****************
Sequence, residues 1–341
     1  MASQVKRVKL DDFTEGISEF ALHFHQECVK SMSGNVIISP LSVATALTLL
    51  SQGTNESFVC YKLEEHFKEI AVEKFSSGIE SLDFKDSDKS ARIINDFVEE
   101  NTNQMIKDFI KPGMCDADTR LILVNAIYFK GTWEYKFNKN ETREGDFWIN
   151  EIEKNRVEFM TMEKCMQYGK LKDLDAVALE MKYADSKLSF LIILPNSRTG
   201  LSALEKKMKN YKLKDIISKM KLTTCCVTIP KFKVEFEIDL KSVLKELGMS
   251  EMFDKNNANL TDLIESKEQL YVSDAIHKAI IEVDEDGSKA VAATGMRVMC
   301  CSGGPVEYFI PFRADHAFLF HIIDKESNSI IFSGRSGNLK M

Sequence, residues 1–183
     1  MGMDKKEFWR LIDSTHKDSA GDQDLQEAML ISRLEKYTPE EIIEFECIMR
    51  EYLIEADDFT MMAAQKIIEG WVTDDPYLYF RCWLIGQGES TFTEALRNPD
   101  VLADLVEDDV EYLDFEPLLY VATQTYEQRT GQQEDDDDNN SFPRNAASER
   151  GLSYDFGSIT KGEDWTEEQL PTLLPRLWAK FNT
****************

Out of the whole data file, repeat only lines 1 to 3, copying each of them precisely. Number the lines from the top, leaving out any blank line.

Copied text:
Sequence, residues 1–341
     1  MASQVKRVKL DDFTEGISEF ALHFHQECVK SMSGNVIISP LSVATALTLL
    51  SQGTNESFVC YKLEEHFKEI AVEKFSSGIE SLDFKDSDKS ARIINDFVEE